light has arisen.”

(Mt 4:13–16)/

These were the first lands conquered by the Assyrians in 721 BC. The people were taken into exile, darkness, and one of the tasks of the Messiah was to bring the people back into the light. By beginning his ministry there, he announces that he will bring the lost tribes back into the fold. By ending his mission in Galilee, he shows that by his resurrection he has done so.

And behold, Jesus met them on their way and greeted them.
They approached, embraced his feet, and did him homage.
Then Jesus said to them, “Do not be afraid.
Go tell my brothers to go to Galilee,
and there they will see me.”

(Mt 28:9–10)

The embracing of feet is a sign of homage given to a king. In this case this action not only shows homage indeed worship but as it is physical shows that Jesus is not a ghost. Jesus seems to say almost the same thing to the women as the angel but with an important difference. The angel said to “tell the disciples”, Jesus says to the women “tell my brothers”. Although betrayed he has forgiven them and still considers them his family.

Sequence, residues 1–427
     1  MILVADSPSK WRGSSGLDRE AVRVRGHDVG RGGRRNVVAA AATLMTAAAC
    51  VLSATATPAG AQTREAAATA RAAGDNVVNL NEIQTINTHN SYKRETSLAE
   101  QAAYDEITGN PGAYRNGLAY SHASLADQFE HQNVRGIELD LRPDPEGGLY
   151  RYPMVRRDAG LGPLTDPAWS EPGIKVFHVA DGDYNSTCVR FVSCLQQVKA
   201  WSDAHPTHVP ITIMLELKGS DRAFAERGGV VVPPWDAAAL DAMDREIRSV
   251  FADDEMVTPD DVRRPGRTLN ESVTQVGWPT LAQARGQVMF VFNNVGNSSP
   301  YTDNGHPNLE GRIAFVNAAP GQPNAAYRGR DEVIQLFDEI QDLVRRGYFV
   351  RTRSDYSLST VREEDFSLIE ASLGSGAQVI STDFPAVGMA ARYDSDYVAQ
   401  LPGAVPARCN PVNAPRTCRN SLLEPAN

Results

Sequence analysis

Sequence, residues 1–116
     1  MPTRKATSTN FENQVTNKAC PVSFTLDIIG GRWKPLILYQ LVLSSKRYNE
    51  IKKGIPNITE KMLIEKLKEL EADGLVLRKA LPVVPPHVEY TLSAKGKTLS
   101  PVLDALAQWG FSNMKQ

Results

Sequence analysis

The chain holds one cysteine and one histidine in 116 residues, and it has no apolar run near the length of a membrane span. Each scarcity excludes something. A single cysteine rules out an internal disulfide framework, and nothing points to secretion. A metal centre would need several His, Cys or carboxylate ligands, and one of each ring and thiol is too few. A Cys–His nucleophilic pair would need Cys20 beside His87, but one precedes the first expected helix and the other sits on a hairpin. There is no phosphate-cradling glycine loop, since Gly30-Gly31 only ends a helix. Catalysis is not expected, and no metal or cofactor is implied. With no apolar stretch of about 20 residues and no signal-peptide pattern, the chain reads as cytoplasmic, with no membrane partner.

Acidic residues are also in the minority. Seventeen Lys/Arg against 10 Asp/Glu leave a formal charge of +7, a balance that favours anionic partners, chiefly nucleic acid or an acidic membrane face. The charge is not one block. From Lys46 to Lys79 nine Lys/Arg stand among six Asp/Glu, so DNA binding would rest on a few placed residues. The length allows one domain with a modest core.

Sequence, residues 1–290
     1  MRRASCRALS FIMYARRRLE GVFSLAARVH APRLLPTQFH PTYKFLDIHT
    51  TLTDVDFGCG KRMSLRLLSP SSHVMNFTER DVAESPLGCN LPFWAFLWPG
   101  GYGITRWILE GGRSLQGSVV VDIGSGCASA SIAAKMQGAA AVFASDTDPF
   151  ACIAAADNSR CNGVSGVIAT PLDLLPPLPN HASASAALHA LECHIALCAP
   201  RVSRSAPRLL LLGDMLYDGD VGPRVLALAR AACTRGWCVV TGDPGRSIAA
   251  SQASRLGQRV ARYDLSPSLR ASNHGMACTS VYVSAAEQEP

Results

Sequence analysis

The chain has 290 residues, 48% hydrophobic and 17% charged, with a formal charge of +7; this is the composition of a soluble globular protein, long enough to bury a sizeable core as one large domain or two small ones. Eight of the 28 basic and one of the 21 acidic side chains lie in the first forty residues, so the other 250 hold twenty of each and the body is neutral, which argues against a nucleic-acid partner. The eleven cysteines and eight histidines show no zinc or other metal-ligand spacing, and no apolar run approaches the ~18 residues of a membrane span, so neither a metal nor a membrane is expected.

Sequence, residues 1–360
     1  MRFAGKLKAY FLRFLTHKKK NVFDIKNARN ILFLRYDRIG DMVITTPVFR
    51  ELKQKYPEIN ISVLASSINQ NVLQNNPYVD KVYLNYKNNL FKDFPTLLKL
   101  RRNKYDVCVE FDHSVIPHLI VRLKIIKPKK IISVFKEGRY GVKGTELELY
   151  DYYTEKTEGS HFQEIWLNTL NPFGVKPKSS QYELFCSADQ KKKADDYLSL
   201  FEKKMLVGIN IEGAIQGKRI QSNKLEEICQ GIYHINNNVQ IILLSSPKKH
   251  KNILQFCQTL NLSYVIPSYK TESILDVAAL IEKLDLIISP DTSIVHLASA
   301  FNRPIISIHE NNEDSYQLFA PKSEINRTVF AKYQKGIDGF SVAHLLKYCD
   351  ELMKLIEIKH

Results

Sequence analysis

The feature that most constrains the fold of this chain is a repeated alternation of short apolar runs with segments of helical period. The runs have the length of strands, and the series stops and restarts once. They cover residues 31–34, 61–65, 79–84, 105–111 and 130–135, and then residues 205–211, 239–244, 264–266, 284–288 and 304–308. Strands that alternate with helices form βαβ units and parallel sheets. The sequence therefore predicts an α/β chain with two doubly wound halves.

While they were going, some of the guards went into the city
and told the chief priests all that had happened.
They assembled with the elders and took counsel;
then they gave a large sum of money to the soldiers,
telling them, “You are to say,
‘His disciples came by night and stole him while we were asleep.’
And if this gets to the ears of the governor,
we will satisfy him and keep you out of trouble.”
The soldiers took the money and did as they were instructed.
And this story has circulated among the Jews to the present day.

(Mat. 28:11–15)

Matthew assumes the empty tomb and addresses why the resurrection was disputed. This story is parallel to what follows. These soldiers are witnesses to the truth but cowardly proclaim a lie. The apostles witnessed the risen Lord and courageously proclaim the truth.

The eleven disciples went to Galilee,
to the mountain to which Jesus had ordered them.
When they saw him, they worshiped, but they doubted.
Then Jesus approached and said to them,
“All power in heaven and on earth has been given to me.

(Mt 28:16-18)

Matthew wishes to call to mind this vison from Daniel, now made real in Jesus;

One like a son of man coming,
on the clouds of heaven;
When he reached the Ancient One
and was presented before him,